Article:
FOEA Emerging tech Project

Gene-edited animals will intensify factory farming and could harm human health

As Australia is poised to become one of the first countries in the world to deregulate several new genetic modification techniques in animals, a new report highlights the urgent need for safety assessment and regulatory oversight. The Federal Government has tabled changes to the Gene Technology Regulations that will allow the unregulated use of a number of gene editing techniques in animals, plants and microbes. Senator Janet Rice has...

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Scientists discover antibiotic resistant bacteria genes in gene edited cattle

Scientists from the US Food and Drug Administration (FDA) have discovered that cattle gene edited not to grow horns unexpectedly contain bacterial DNA. These include complete DNA sequences that confer antibiotic resistance. The study demonstrates how risky the Federal Government’s current proposal to deregulate a number of these new genetic modification (GM) techniques in animals, plants and microbes is. Louise Sales, Coordinator of Friends of...

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Changes to our Gene Technology Regulations threaten our $7.1 billion/yr wheat industry

Changes to the Gene Technology Regulations currently tabled in Federal Parliament will allow genetically modified (GM) wheat to be released in Australia with no safety assessment or traceability. The changes will leave the use of gene editing techniques such as CRISPR unregulated in animals, plants and microbes. Louise Sales, Coordinator of Friends of the Earth’s Emerging Tech Project said “besides the serious risks to the environment and human...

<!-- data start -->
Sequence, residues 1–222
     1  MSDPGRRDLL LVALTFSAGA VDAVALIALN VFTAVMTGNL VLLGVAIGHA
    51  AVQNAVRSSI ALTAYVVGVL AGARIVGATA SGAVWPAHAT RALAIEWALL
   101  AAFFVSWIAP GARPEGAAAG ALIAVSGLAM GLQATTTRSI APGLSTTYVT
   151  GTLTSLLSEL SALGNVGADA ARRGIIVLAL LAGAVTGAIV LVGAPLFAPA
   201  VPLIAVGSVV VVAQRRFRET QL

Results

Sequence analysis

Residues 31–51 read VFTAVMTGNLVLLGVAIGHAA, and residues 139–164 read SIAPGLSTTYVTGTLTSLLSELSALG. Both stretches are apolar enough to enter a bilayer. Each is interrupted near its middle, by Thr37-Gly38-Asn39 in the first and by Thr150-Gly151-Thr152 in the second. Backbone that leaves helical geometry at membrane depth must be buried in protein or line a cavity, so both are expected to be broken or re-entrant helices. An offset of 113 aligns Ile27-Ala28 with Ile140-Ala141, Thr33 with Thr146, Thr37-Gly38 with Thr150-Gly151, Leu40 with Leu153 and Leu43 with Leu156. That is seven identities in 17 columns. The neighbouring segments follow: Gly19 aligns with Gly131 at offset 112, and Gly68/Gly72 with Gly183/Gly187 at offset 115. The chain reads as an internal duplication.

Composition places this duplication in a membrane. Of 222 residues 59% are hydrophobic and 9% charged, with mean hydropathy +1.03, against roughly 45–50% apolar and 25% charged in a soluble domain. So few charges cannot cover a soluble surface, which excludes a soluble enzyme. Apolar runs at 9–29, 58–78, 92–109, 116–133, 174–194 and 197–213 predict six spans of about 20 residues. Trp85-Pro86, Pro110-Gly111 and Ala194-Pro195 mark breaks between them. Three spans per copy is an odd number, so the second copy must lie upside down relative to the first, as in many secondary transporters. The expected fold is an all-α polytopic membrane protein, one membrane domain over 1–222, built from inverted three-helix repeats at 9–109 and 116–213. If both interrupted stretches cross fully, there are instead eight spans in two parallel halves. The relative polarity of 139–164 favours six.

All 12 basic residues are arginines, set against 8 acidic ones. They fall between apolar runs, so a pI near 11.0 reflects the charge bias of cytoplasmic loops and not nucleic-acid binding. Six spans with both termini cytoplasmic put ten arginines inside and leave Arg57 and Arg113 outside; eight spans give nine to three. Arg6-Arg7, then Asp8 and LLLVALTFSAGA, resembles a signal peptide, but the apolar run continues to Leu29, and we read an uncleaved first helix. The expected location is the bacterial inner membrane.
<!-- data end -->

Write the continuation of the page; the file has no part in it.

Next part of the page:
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Australian Government decision threatens 51 per cent of global organic land

Changes to the Gene Technology Regulations tabled in Federal Parliament threaten to undermine Australia’s status as the world leader in organic food production. The decision would leave the majority of new CRISPR and other gene editing applications unregulated. It would allow genetically modified (GM) ryegrass, sugar, potatoes, rice, soybeans, maize, mushrooms, fish, pigs and a host of other crops, animals and microbes to be released into the...

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Parties disagree over regulation of new genetic modification methods

Responses to Gene Ethics’ election questionnaire show major policy differences between political parties on how new methods of genetic modification (GM) such as CRISPR should be regulated. Bob Phelps, the Executive Director of Gene Ethics, says “The Australian Greens, Science Party and Health Australia Party all agree genetically modified organisms produced using methods such as CRISPR should be assessed for safety before release into our...

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